A good portion of the population is scared or hesitant to try marijuana, probably because they have heard marijuana is bad since they were young. I get it—I still don’t eat lobster, crabs or other shellfish because when I was young, I heard they were bottom dwellers, and thus, inedible. Meanwhile, for most people that grew up in the 1970s and 1980s like I did, their parents were busy feeding them cheeseburgers, fried chicken, french fries, donuts, cupcakes, soda, ice cream, and countless cereals laced with more sugar than you can count. Some parents were likely driving their kids to and from school without seatbelts while smoking a pack of cigarettes around them daily.
However, if you think about what you eat and drink on a normal basis (seriously, write it down) from the time you get up to the time you go to bed, there is a good likelihood that whatever is on your list is as bad or worse for your health than marijuana (unless you are a vegan or are eating a Mediterranean diet).8,9 Additionally, there are likely things that are entering your body that are out of your control, like air pollution, chemicals, microplastics, and spiders (hopefully only while you’re asleep).
So, let’s compare marijuana to other things in our everyday environment that most adult humans consume without a care in the world, and the known health impacts of these things.
Alcohol: Drinking alcohol is known to cause cancer, heart damage, stroke, high blood pressure, liver damage, pancreatitis, behavior changes, hallucinations, slurred speech (that can be hilarious, though), a shrinking brain, frequent diarrhea (also hilarious), infertility (clearly not an issue for me), and sexual dysfunction (definitely an issue for me). And this doesn’t include the number of deaths caused by drunk drivers, drunken fights, and people falling off roofs in New York City (this happens more than you think). Yet, the average American drinks 2.3 gallons of alcohol per year,10 and the average number of deaths associated with excessive drinking (almost 90,000) is higher than the total number of people who die from opioids each year.11 A recent study led by King’s College London (KCL) has found that drinking four small glasses of wine or four pints of beer per week damages short-term memory and spatial awareness and increases the risk of developing dementia in older age.12 Cheers!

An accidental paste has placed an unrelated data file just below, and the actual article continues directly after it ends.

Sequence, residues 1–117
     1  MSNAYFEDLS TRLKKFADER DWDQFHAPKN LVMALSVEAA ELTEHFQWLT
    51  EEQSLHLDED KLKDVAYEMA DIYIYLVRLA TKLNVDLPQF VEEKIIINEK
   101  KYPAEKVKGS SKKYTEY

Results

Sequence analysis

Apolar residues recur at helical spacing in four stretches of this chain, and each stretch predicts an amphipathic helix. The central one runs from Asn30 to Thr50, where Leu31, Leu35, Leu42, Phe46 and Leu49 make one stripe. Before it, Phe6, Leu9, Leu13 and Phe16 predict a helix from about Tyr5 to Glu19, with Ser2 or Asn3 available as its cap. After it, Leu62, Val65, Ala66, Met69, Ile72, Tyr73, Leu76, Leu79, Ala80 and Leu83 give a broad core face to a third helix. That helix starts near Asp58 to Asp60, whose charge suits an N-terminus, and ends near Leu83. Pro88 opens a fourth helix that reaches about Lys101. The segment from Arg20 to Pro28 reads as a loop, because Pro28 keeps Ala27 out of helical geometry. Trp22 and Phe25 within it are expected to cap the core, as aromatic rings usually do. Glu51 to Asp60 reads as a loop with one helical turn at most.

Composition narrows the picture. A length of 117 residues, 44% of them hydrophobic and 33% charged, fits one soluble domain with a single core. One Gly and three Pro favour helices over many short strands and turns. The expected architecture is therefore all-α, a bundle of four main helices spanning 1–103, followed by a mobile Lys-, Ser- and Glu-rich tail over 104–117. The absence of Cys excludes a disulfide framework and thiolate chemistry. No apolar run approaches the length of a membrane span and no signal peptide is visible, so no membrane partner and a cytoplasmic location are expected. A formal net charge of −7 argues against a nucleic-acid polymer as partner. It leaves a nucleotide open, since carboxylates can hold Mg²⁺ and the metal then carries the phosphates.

Tobacco: Smoking tobacco is known to cause cancer, diabetes, gum disease, lung disease, heart disease, stroke, emphysema, COPD, arthritis, and eye disease. Not only do you get the benefit of all of this for yourself, but you can also cause damage to others through secondhand smoke, which causes some of the above issues in non-smokers. More than 16 million Americans are living with a disease caused by smoking according to the US Department of Health and Human Services.13 Furthermore, you get the added benefit of awful teeth, bad breath, and cracked, dry skin. It’s a winner!
Red and processed meat: Eating red and processed meat can raise the risk of type 2 diabetes, coronary heart disease, stroke, and certain cancers, especially colorectal cancer.14 Not to mention the delicious french fries that accompany your medium-well burger, which may cause an elevated risk of all-cause death, especially death from cardiovascular disease.15
Fried foods: Do I really need to get into how bad fried foods are for you? See above. Or just go to a state fair and look at the amount of fried food available and the people that are consuming said food. Case closed.
Fish: Although most fish is generally good for you, there is still some elevated risk of consuming too much mercury, which can damage your central nervous system.16 Ironically, listening to the band Phish too much can also affect your central nervous system.
Desserts and junk food snacks: These delicious bastards can lead to higher cholesterol and diabetes. However, I will say if anything besides marijuana is worth dying for, a warm molten chocolate lava cake with vanilla ice cream is the next best thing. It could be one of the best things on earth.
Pollution: Studies have linked living in a city with high air pollution to smoking a pack of cigarettes a day for twenty-nine years.17 Which would be just great if city life didn’t also mess with people’s mental health, leading to more people with mood disorders and anxiety.
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